However, as time progressed, it has become evident that the border fencing could not stop the TTP’s cross-border attacks and infiltration from Afghanistan into Pakistan.
In the context of insurgency and asymmetric warfare, inter-group mergers and alliances are key components to non-state violent actors’ lethality and longevity. The more a militant group is allied, the more lethal and resilient it becomes. Since 2020, the TTP under its new chief Nur Wali Mehsud has paid close attention to reuniting various splinter factions. In the last two years, more than 22 militant factions have merged with the TTP, enhancing its operational strength and expanding its geographical outreach in Pakistan. These mergers and reunifications have also played a key role in the resurgence of militant violence in Pakistan.
Furthermore, the complacency emanating from an unfounded sense of victory against the TTP and inadequate counterterrorism infrastructure also contributed to the resurgence of militant violence. A report submitted to the parliament in December has highlighted serious capacity issues and law enforcement gaps in Khyber Pakhtunkhwa’s Counter Terrorism Department (CTD). Since the Taliban’s takeover, Khyber Pakhtunkhwa’s police have borne the brunt of the TTP’s attacks, losing more than 120 personnel in 83 assaults. Yet the report pointed out that Khyber Pakhtunkhwa CTD’s manpower is poorly trained, under-resourced, and ill-equipped. For instance, it spends less than 4 percent of its budget on operations, with zero allocations for procurement. Likewise, its budget of $9.48 million or 2.18 billion Pakistani rupees, including salaries and allowances, is half of Punjab CTD’s $2.08 million budget.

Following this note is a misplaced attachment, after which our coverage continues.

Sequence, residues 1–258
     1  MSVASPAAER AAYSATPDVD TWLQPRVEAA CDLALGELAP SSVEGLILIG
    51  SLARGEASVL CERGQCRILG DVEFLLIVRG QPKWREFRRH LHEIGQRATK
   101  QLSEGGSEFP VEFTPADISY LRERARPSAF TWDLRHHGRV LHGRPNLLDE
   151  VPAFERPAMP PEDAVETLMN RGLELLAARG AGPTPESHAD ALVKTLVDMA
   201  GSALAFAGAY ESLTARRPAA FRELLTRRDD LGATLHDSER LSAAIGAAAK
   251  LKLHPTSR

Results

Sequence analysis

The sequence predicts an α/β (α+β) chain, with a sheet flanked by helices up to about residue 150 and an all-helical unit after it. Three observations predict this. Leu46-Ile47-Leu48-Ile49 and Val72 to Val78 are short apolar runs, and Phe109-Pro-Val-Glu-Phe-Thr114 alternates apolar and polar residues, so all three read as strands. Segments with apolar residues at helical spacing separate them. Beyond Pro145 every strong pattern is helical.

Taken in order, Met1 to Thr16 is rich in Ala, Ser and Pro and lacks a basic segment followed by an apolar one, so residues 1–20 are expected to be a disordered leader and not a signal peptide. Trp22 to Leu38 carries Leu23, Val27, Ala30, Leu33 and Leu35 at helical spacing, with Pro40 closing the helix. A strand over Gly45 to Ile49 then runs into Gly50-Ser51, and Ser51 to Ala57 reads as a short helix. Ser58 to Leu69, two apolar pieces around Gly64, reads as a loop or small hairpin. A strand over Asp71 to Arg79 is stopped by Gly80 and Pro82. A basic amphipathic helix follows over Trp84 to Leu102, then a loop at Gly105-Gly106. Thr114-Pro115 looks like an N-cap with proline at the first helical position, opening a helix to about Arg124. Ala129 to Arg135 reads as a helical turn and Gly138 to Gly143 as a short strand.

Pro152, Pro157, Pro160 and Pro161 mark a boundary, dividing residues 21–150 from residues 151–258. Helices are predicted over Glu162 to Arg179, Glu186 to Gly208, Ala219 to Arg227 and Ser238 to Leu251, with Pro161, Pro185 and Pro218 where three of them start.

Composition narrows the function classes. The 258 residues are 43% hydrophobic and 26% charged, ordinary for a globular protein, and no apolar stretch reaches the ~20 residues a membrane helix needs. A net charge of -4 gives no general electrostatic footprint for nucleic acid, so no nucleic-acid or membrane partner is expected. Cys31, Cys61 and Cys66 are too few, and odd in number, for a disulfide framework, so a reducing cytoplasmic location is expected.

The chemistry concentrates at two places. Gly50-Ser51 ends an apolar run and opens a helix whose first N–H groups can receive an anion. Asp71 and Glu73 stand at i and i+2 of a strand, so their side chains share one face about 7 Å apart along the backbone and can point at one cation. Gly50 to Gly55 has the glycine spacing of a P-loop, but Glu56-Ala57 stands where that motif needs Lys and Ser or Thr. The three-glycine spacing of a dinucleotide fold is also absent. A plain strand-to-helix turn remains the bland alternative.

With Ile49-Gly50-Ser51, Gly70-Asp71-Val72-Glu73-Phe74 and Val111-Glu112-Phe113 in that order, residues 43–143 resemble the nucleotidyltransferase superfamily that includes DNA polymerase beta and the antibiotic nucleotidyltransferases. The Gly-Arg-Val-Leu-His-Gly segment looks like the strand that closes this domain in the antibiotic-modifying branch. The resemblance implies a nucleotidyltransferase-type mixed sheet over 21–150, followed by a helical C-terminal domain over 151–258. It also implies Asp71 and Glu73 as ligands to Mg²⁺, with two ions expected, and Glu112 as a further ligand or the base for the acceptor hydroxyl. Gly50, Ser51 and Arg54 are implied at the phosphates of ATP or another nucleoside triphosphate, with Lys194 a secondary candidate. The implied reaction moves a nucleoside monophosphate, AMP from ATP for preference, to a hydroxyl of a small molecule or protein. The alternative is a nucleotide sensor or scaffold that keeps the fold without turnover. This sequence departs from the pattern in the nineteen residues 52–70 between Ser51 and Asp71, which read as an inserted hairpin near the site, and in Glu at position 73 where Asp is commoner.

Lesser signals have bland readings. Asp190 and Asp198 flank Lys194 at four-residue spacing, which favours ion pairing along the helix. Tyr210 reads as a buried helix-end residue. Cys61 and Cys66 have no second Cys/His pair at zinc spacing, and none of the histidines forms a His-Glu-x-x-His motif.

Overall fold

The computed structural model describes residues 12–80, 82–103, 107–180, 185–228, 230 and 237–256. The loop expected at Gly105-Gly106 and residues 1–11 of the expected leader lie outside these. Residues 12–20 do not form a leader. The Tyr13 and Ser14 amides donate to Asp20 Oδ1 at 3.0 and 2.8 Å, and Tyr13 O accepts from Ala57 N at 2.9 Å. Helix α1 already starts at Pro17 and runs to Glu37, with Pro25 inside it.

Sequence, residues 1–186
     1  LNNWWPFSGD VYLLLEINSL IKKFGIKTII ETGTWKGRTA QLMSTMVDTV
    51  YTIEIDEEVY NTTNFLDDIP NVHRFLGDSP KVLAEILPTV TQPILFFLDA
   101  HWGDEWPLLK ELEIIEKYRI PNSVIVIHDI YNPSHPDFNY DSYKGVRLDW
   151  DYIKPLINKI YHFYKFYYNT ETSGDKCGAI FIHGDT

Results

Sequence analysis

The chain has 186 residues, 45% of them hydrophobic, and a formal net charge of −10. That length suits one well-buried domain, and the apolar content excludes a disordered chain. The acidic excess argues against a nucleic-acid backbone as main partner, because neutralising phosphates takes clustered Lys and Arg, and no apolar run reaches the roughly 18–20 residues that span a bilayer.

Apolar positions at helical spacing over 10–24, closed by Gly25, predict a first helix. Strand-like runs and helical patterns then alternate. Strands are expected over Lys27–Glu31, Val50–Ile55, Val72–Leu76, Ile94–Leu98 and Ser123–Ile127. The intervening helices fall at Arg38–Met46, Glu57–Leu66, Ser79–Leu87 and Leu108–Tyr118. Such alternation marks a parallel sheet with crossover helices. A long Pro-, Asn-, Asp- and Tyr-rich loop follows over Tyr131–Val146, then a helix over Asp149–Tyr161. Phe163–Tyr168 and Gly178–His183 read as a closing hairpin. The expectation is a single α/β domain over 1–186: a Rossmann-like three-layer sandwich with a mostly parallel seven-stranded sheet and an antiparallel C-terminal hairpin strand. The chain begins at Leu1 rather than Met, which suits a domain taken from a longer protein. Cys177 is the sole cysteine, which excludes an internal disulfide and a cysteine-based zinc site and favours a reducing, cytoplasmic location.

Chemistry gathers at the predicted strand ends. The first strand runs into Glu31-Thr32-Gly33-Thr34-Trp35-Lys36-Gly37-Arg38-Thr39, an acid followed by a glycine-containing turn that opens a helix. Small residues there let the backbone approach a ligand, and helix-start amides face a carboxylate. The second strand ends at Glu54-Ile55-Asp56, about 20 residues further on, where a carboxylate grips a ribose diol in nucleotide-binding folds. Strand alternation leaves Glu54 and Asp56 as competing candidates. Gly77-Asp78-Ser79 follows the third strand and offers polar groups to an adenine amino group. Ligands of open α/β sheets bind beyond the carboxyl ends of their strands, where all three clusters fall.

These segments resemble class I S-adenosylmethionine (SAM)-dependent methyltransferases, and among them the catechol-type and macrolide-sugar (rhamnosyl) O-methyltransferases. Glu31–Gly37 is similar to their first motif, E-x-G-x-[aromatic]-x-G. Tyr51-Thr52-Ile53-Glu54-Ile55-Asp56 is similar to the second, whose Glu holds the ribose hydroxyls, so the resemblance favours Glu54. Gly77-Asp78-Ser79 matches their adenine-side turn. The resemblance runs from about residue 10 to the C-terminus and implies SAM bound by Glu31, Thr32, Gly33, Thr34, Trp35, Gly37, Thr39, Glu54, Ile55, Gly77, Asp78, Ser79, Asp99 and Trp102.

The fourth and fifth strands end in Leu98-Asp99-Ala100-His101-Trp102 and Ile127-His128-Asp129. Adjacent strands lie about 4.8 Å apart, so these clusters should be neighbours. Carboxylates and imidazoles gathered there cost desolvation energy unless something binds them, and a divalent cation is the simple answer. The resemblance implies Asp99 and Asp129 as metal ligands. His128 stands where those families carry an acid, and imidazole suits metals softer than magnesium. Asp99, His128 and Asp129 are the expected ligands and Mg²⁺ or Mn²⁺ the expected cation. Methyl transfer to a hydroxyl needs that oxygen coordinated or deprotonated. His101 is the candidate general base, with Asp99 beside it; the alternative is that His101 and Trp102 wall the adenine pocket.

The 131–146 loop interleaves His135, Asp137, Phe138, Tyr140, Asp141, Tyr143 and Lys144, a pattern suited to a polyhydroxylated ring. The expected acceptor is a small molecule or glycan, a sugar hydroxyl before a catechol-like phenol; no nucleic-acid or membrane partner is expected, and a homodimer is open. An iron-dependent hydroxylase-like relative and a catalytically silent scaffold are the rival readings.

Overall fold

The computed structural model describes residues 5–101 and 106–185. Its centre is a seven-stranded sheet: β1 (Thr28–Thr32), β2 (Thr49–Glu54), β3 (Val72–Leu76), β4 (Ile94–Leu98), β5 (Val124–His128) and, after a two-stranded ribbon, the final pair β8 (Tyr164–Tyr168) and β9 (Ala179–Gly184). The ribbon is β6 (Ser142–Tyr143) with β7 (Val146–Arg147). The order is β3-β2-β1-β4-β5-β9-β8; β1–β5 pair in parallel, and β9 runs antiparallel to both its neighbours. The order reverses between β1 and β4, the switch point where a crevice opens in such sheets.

Lately, Pakistan-Taliban relations have deteriorated, resulting in frequent border flare-ups and closures. The Taliban have accused Pakistan of providing its airspace to the United States for the drone strike in Kabul that killed al-Qaida chief Ayman al-Zawahiri. At the same time, Pakistan-U.S. counterterrorism cooperation against the residual threat of transnational militancy in Afghanistan is progressively improving. Recently, the U.S. included the TTP’s deputy head, Qari Amjad, as well as al-Qaida in the Indian Subcontinent chief Osama Mahmood and his deputy Atif Yahya Ghori in its designated list of global terrorists.
Going forward, an improvement in Pakistan-U.S. ties will negatively impact the already abysmal Taliban-Pakistan relations, to the detriment of Pakistan’s volatile security situation.
Pakistan’s contradictions in Afghanistan have come full circle. While Pakistan has been seeking strategic depth in Afghanistan against India, the Taliban-ruled Afghanistan has provided the TTP with reverse strategic depth against Pakistan.
Without revisiting Pakistan’s myopic Afghan policy, a new counterterrorism campaign alone will not fix Pakistan’s terrorism dilemma. Furthermore, Pakistan will have to take a long view of the terrorism challenge because terrorism is likely to persist. Irrespective of the Pakistani response, any improvement or deterioration of the terrorism threat in Pakistan will depend on the evolving situation in Afghanistan.